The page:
You don't need to air up your tires before every ride.1 of 29
Whoever said this is also probably the person who flatted twice on the last shop ride. Always, always give your tires a quick pump to your preferred psi before you set out on your ride. You may not end up needing much, but it's always better safe than sorry.
Three more miles!2 of 29
This is kind of like the dreaded "You're almost there!" that people like to shout during races. While it may seem like encouragement, we're just trying to keep from bonking. And chances are, even three miles will seem like an eternity.
Mountain biking is so much safer than road riding.3 of 29
While some aspects of MTB might be safer (no cars, for one), riding downhill at breakneck speeds, over loose gravel and tree roots definitely isn't an activity for the faint of heart, either.
Learning to clip in is easy.4 of 29
We doubt many people are naturals with clipless pedals on their first go. Better advice would probably be to make sure you practice in an area surrounded by lots of soft, fluffy pillows.
It's a nice, easy ride.5 of 29
That really depends on the person. One person's hill is another person's mountain. Or something like that...
You only need one water bottle.6 of 29
Yes, using one water bottle, preferably of the 16 oz. variety, is minimalist and looks cool. But you know what's not cool? Cramping or bonking because you chose style over substance. When it comes to riding in any sort of warm weather, err on the side of bringing two water bottles of 21 oz. each.
Pick out a rider and stick to their wheel.7 of 29
If that rider doesn't turn out to be of similar fitness level as yourself, this is mainly just a recipe for bonking. Not riding at your own pace will only lead to you tiring out much sooner than expected. Or, if you're more of a literal person, sticking to someone's wheel is a recipe for crashing.
Don't listen to your body. Get a bike fit with science.8 of 29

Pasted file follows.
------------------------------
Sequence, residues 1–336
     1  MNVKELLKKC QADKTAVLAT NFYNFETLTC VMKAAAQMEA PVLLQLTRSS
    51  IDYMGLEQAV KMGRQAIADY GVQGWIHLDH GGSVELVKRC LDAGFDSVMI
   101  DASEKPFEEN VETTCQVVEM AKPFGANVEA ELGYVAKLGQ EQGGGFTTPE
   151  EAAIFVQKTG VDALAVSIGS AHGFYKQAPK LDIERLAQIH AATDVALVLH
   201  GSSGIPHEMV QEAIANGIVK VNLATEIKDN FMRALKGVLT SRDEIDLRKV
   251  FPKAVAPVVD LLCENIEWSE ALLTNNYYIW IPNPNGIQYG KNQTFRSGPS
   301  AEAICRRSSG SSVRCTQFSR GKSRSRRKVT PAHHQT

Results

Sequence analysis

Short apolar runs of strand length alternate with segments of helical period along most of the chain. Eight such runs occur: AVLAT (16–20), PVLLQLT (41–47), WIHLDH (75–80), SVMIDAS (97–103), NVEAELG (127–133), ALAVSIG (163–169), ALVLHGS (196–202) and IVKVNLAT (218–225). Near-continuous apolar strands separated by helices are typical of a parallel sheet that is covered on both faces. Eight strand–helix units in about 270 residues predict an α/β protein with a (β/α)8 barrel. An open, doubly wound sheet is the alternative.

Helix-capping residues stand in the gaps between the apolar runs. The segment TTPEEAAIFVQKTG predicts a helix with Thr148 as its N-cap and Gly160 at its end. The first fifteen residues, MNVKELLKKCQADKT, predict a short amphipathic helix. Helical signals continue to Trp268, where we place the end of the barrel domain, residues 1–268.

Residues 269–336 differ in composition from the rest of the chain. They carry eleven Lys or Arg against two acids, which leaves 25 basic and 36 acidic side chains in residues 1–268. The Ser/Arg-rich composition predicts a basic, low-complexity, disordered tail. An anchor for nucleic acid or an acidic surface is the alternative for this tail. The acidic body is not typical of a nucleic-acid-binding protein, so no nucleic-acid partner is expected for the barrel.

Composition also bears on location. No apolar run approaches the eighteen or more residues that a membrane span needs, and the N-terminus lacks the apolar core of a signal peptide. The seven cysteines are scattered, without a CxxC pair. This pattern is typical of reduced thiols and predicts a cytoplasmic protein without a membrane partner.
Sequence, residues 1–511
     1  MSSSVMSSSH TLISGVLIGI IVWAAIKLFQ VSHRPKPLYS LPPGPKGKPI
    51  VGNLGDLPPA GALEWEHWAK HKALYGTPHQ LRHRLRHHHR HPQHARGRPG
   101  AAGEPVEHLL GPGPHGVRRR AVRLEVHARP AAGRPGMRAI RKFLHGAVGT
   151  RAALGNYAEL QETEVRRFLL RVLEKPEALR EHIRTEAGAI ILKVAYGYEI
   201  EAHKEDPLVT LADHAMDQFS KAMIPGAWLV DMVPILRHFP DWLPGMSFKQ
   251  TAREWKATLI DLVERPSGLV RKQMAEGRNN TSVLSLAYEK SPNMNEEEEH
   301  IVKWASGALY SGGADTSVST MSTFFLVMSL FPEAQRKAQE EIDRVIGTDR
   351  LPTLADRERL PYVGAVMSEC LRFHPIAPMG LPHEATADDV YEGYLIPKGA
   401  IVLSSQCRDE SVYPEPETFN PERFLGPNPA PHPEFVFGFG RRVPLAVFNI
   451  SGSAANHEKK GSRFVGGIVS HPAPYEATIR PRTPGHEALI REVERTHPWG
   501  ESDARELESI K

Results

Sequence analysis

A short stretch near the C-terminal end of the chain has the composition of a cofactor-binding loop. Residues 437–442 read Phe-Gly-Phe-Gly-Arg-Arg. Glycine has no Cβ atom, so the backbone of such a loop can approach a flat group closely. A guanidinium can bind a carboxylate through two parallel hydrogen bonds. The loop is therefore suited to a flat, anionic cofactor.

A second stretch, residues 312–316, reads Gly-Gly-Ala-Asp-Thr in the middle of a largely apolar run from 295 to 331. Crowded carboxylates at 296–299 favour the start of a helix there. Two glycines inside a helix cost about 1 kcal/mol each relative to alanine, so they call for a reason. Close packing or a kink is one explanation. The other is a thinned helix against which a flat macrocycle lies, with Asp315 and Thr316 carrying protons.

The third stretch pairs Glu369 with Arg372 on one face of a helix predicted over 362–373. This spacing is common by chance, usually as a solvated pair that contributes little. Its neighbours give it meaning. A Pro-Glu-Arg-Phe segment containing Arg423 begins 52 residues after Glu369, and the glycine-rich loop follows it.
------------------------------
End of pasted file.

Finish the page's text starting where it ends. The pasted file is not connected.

While scientific methods of getting the perfect bike fit have come leaps and bounds over the years, nothing is better than feeling what's right for you. As long as you're comfortable, it doesn't really matter what the numbers say.
Cheap tools are fine.9 of 29
Maybe for the time being, but if you want to make sure your bike is in top shape, invest in some tools you know will last. Or, better yet, see a professional about any ailments your bike might be experiencing.
If you think you're going too fast on rollers, just brake.10 of 29
This might be good advice if you're bored and feel like flying off out of the saddle and onto the hardwood floors of your pain cave and into a puddle of sweat. But if you don't, then stay off the brakes at all costs.
Don't waste money on expensive chamois cream.11 of 29
Trust us, when it comes to chafing in sensitive areas, you only want the best.
You don't have to wear a helmet.12 of 29
If you're planning on riding anywhere near cars, you need to protect your head. And even if you're far from the hustle and bustle of the streets, it's still a good idea. Crashing with other cyclists or even just falling off while riding alone can potentially lead to head injuries and concussions. Don't take the risk.
It's fine to ride when it's icy.13 of 29
If cars have trouble driving on roads slick with ice, bikes with tires less than two inches wide are sure to have issues, too. Instead, stay home and watch your favorite cycling movie while pedaling away on the trainer. That's why God invented Zwift, right?!
You don't need any more bikes.14 of 29
We're trying not to laugh too hard. Every cyclist knows the N+1 equation for the number of bikes it's OK to own. Now that's some good advice.
Stop looking around so much when you ride. Focus on the road.15 of 29